Technological advantage, superior numbers, advanced training, all of these things pale in comparison to force of will, as the Finnish proved during the Winter War. Some battles during that conflict consisted of less than a hundred Finns versus tens-of-thousands of soviets. Yet, at the end of the war, the Russians lost 3500 tanks, 500 aircraft, and had sustained over 125,000 dead (official numbers). The Finns lost 25,000 men. For every dead Finn, the soviets lost at least five. This is the cold hard reality behind guerrilla and attrition warfare, and such tactics are not to be taken lightly.

Do we go to the Finnish and tell them that standing against a larger, more well armed foe is “futile”? Do we tell them that their knives and bolt action rifles are no match for tanks and fighter planes? And by extension, do we go to East Asia today and tell the Taliban that their 30 year old AK-47’s are no match for predator drones and cruise missiles? Obviously, victory in war is not as simple as having the biggest gun and only the uneducated believe otherwise.

The Virtues Of Violence

The word “violence” comes with numerous negative connotations. I believe this is due to the fact that in most cases violence is used by the worst of men to get what they want from the weak. Meeting violence with violence, though, is often the only way to stop such abuses from continuing.

At Alt-Market, we tend to discuss measures of non-participation (not non-aggression) because all resistance requires self-sustainability. Americans cannot fight the criminal establishment if they rely on the criminal establishment. Independence is more about providing one’s own necessities than it is about pulling a trigger. But, we have no illusions about what it will take to keep the independence that we build. This is where many conceptual solutions are severely lacking.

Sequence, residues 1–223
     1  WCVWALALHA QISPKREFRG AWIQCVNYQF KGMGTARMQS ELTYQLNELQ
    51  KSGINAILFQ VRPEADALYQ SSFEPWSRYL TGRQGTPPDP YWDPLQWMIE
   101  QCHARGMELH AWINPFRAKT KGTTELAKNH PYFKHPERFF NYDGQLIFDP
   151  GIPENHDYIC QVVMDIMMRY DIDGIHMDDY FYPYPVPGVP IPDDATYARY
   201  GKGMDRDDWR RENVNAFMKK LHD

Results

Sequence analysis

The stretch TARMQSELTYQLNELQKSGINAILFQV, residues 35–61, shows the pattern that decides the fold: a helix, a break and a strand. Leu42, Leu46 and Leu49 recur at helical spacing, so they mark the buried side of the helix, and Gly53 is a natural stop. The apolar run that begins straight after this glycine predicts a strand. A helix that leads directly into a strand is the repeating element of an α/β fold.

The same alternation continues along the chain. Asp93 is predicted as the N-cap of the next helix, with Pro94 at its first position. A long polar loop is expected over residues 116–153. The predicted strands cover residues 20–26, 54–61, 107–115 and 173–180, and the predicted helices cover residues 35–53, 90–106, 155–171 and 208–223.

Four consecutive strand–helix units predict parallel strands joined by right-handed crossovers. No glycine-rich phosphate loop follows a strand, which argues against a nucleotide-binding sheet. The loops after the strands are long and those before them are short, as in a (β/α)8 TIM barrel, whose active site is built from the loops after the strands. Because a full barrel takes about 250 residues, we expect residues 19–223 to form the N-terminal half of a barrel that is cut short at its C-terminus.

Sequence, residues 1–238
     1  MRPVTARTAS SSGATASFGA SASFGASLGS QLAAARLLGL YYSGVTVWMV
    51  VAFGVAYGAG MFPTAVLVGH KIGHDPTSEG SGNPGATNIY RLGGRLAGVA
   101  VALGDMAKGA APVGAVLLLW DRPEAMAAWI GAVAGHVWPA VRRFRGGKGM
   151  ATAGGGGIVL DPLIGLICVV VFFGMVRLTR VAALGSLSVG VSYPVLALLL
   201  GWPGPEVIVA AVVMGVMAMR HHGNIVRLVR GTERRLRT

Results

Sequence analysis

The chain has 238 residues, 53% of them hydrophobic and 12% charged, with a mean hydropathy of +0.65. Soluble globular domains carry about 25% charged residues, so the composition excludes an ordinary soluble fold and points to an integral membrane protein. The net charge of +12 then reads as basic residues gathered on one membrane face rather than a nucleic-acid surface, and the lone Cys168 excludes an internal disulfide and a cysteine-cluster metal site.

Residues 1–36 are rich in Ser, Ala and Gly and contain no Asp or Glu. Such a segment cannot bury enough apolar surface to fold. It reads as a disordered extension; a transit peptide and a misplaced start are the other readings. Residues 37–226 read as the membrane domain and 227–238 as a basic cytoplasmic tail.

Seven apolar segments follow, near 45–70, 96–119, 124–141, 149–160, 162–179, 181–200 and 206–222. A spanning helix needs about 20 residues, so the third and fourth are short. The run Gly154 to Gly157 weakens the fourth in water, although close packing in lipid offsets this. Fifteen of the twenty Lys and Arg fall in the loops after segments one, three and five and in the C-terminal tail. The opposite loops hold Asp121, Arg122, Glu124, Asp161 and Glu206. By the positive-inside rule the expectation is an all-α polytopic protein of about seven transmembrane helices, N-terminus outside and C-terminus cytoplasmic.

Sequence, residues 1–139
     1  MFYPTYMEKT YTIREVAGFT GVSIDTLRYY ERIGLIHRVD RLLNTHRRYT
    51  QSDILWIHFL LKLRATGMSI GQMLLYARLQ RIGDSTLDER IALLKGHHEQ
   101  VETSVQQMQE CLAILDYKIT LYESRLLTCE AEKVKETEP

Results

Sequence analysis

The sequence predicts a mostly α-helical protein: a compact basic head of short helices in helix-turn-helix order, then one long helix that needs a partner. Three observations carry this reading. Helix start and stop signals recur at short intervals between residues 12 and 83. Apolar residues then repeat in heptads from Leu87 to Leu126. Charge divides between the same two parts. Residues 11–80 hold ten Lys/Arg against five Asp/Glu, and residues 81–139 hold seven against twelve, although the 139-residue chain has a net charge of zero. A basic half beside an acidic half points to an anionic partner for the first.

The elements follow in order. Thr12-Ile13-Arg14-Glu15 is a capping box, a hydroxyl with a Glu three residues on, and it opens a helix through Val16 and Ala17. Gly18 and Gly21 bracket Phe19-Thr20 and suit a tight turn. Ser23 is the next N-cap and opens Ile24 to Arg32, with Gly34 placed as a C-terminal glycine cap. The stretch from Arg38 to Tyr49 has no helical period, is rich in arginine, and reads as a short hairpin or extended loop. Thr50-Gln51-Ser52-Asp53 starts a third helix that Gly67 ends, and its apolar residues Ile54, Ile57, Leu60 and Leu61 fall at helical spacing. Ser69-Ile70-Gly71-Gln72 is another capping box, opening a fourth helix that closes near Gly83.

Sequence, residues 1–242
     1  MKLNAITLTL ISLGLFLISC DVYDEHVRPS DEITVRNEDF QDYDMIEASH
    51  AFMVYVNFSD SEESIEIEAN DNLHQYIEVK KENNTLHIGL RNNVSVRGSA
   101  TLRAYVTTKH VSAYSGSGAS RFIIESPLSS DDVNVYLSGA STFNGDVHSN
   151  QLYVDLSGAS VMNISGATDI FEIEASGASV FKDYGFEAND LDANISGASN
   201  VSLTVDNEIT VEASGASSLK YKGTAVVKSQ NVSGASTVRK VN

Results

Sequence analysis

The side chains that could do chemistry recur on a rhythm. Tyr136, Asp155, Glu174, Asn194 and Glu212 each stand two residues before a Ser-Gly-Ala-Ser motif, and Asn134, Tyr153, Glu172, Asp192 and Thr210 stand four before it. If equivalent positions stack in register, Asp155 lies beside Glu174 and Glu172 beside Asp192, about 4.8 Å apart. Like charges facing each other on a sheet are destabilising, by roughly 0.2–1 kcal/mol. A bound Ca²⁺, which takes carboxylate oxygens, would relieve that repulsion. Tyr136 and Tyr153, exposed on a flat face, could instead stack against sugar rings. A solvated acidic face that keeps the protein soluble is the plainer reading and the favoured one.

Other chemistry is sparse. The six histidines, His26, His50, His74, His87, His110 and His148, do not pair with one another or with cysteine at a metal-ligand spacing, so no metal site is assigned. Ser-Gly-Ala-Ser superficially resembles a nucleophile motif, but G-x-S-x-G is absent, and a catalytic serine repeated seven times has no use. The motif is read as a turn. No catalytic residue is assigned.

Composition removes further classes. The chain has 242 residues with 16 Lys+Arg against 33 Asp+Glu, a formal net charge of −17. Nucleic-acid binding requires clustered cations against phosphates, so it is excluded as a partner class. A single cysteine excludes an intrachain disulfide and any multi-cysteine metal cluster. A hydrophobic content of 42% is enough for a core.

If the system refuses to let you walk away, what do you do? If the tyrants would rather make the public suffer than admit that your social or economic methodology is better for all, how do you remove them? When faced with a cabal of psychopaths with deluded aspirations of godhood, what amount of reason will convince them to step down from their thrones?

I’m sorry to say, but these questions are only answered with violence.

The Liberty Movement doesn’t need to agree on the “usefulness” of physical action because it is coming regardless. The only things left to discern are when and how. Make no mistake, one day each and every one of us will be faced with a choice – to fight, or to throw our hands in the air and pray they don’t shoot us anyway. I certainly can’t speak for the rest of the movement, but in my opinion only those who truly believe in liberty will stand with rifle in hand when that time comes. A freedom fighter is measured by how much of himself he is willing to sacrifice, and how much of his humanity he holds onto in the process. Fear, death, discomfort; none of this matters. There is no conundrum. There is no uncertainty. There are only the chains of self-defeat, or the determination of the gun. The sooner we all embrace this simple fact, the sooner we can move on and deal with the dark problem before us.

 

Putin’s Deal Is No Gift to Gas-Junkie Ukraine – Bloomberg

Putin’s Deal Is No Gift to Gas-Junkie Ukraine – Bloomberg.

Amazingly, tens of thousands of Ukrainians are still braving the winter cold to protest what they consider to be the sale of their country’s future to Russia.

A big part of the deal in dispute was what Russian President Vladimir Putin described as a “fraternal” 33 percent discount on the price that Ukraine pays for natural gas imports. So why aren’t Ukrainians more grateful to their bigger brother? Maybe they have done the math — which shows it really isn’t such a bargain after all.

There are two major elements to the agreement: a $15 billion loan pledge and a reduction in the price of natural gas imports from about $400 per 1,000 cubic meters (tcm) to $268.50. The average price that Gazprom charges to European Union countries for long-term contracts is $370 to $380. So it sounds as though Ukraine will now get a big discount — plus a generous bailout. Not quite.